Regulation by RNA-binding proteins : sequence determinants and evolutionary dynamics
Author(s)Alexis, Maria Sarah.
Massachusetts Institute of Technology. Computational and Systems Biology Program.
Christopher B. Burge.
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RNA-binding proteins (RBPs) regulate all aspects of RNA metabolism, such as splicing, localization, translation, and degradation. RNA processing is a critical component of gene expression regulation, and adaptive changes in RNA processing underlie many phenotypic differences between species. RBPs regulate RNA processing by recognizing RNA sequence elements (motifs) within RNAs. Studying the determinants of these RBP:RNA interactions is therefore key to understanding how RBPs select their targets, and how RNA processing evolves over time. This thesis presents three chapters revolving around these questions. First, I present a large-scale analysis of the evolution of gene expression across tissues, species, and studies. This study differs from previous studies in its usage of inter-sample distances to model gene expression divergence, a method that allowed us to reconcile disparate findings in the field.Second, I present a comprehensive study of the affinity landscapes of 78 human RBPs using RNA Bind-N-Seq (RBNS), an unbiased assay that determines the sequence, structure, and context preferences of RBPs. Integrated analysis of all 78 motifs reveals an unexpectedly low diversity of RNA motifs, implying frequent convergence of binding specificity towards a relatively small set of RNA motifs, many with low compositional complexity. Offsetting this trend, RBPs show extensive preferences for contextual features distinct from short linear motifs, including spaced "bipartite" motifs, biased flanking nucleotide composition, and bias away from or toward RNA structure. These results emphasize the importance of contextual features in RNA recognition, which likely enable targeting of distinct subsets of transcripts by different RBPs that recognize the same linear motif.Lastly, I compile a catalog of all known RBP specificities and examine their conservation patterns, in vivo binding patterns, and evolutionary trajectories across species. This work demonstrates that RNA regulation can be well conserved despite rapid evolution of RBP binding sites, and highlights mechanisms that may contribute to this robustness. This phenomenon is well-characterized for transcriptional regulation at promoters, but has not well been described for RNA regulation. Taken together, these studies advance our understanding of RBP target selection and how it evolves over time, thereby furthering our understanding of the basic mechanisms that govern gene regulation.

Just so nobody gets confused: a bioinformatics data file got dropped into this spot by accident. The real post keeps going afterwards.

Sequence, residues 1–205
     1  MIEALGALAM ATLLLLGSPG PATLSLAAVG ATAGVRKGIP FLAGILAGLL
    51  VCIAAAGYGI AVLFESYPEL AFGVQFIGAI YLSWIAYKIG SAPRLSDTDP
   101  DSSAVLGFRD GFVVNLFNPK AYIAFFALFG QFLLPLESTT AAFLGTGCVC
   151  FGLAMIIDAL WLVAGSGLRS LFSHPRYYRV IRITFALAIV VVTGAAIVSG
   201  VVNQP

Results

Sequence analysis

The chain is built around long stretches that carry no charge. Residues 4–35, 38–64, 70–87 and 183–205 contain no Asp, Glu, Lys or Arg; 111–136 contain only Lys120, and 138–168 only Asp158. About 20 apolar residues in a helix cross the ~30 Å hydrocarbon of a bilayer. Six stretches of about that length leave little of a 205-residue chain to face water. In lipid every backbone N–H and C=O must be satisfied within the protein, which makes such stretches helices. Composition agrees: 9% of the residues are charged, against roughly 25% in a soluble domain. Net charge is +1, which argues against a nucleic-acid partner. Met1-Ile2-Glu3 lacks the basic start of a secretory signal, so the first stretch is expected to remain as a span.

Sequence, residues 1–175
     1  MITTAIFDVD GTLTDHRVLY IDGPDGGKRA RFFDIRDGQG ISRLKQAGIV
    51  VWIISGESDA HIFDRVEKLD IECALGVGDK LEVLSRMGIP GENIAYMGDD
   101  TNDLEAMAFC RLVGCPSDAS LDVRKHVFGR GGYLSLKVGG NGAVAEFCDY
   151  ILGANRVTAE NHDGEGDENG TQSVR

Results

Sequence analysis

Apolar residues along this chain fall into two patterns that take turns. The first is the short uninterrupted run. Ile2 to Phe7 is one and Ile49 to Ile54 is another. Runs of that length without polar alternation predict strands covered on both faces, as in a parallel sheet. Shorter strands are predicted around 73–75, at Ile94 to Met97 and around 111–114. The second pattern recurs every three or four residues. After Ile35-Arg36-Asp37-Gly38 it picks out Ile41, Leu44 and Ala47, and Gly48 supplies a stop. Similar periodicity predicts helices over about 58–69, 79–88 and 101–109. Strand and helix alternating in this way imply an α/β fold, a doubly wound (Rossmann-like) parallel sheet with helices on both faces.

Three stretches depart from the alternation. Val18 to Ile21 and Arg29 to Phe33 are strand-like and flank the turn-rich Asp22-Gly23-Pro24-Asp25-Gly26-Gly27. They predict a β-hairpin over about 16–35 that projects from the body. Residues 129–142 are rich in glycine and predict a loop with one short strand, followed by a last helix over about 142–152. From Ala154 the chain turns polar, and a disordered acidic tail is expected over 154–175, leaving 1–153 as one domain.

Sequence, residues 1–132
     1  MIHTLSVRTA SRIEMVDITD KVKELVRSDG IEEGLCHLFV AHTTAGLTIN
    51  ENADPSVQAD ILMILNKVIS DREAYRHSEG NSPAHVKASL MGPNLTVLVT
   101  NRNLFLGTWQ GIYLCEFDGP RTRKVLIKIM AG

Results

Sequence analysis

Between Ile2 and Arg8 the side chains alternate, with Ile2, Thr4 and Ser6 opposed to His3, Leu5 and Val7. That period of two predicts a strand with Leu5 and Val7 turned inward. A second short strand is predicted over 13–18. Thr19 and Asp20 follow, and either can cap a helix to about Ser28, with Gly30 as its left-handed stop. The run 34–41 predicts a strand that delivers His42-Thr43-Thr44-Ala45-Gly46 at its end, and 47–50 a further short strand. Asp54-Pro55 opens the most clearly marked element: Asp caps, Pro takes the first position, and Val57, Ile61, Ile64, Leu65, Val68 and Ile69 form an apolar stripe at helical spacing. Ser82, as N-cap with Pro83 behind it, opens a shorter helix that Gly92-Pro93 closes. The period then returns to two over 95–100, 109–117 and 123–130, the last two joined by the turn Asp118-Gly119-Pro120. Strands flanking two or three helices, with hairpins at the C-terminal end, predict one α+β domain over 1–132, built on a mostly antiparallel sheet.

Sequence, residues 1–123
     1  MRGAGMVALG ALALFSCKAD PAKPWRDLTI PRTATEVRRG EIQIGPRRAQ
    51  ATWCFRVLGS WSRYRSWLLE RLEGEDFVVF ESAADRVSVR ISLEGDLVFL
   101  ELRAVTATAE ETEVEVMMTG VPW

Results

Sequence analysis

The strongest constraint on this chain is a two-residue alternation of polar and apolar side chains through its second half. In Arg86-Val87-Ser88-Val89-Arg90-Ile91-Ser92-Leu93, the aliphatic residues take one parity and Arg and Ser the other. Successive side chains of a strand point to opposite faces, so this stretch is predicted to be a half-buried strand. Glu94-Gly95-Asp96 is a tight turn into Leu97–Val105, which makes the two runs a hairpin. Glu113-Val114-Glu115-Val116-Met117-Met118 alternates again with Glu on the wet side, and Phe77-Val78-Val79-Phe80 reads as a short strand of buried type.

Thesis: Ph. D., Massachusetts Institute of Technology, Computational and Systems Biology Program, 2019Cataloged from PDF version of thesis.Includes bibliographical references (pages 125-146).
DepartmentMassachusetts Institute of Technology. Computational and Systems Biology Program
Massachusetts Institute of Technology
Computational and Systems Biology Program.